Congresswoman Oakar Chamber of the House of Representatives
Congresswoman Oakar’s resolution declared
that the House of Representatives: (1) conveys American sympathy to the Ukrainian people over the Chernobyl accident; (2) calls upon Ukraine and the Soviet Union to allow relatives of the victims to receive word about the fate of family members; (3) supports the U.S. offer for technical and medical assistance to the Ukraine authorities; (4) expresses its support for European nations that have been affected by nuclear radiation from the accident; (5) calls upon Ukraine and the Soviet Union to facilitate the furnishing of technical and humanitarian assistance through appropriate international organizations; (6) deplores the Soviet Union's failure to notify and provide information to the world about the Chernobyl accident and calls upon Ukraine and the Soviet Union to permit the international press to cover the accident; (7) calls upon the Soviet Union to permit the International Atomic Energy Agency to conduct an investigation of the cause of such accident and to share the results with other nations; (8) calls upon the President to take steps to establish at the Agency a mechanism for an automatic response to any nuclear accident that threatens the health and safety of the public; and (9) calls upon Ukraine and the Soviet Union to allow the American people to provide assistance to the victims and their families by facilitating the prompt delivery of humanitarian packages.
It may have been the first time for Congress to call on Soviet Ukraine – separate and distinct from the Soviet Union – to take any action.
And, Congresswoman Oakar wanted swift action! There was immediate push-back from the Department of State demanding that references to “Soviet Ukraine” be deleted. Oakar ignored the State Department objection insisting on quick action and then-House Foreign Affairs Committee Chairman Dante Fascell (D-FL) – and staff director Jack Brady – pushed forward and had the resolution marked-up in committee and reported to the full House by Unanimous Consent on May 1,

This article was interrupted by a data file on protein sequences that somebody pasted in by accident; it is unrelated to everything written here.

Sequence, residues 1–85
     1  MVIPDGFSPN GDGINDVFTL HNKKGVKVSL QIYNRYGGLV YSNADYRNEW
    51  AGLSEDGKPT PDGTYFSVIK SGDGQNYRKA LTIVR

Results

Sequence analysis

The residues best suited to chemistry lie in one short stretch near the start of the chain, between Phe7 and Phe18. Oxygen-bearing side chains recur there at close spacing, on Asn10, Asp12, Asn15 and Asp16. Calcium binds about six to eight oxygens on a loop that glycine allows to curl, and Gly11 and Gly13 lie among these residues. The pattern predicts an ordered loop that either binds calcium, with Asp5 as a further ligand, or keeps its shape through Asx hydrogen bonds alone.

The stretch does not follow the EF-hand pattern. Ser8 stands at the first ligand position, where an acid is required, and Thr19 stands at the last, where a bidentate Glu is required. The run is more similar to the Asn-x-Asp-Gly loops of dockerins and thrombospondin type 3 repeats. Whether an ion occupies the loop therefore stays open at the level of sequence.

it then was agreed to by the entire House on the same day! Think of it – action on legislation introduced on April 30 was completed the next day - May 1
And obviously as a result the House acted on the very same day that – at Mikhail Gorbachev’s insistence – the annual May Day parade took place in Kyiv with radiation settling down on the unsuspecting participants and the citizen watching the event. There was even a celebratory bicycle race – all the better to breath in the radiation.
While Gorbachev kept critical information from Soviet citizens those same citizens were, among other things, celebrating the Union.
Despite Gorbachev’s later attempts to re-write history, Chornobyl and its disgraceful cover-up must not be forgotten. The lessons must be learned and remembered to inform foreign policy.
Among so many other things Chornobyl stands as a critical example of the evil that develops and breeds within a totalitarian state, in this case the Soviet Union.
As Bill McGurn wrote recently in
The Wall Street Journal
, “Communism has always been far more about Lenin than Marx – that is, about getting and holding power, rather than any economic arrangement.”
This was true in the Soviet Union whether the leader was Lenin, Stalin,
or Gorbachev and it is true in Putin’s Kremlin as well. This reality must inform our relations with the Kremlin.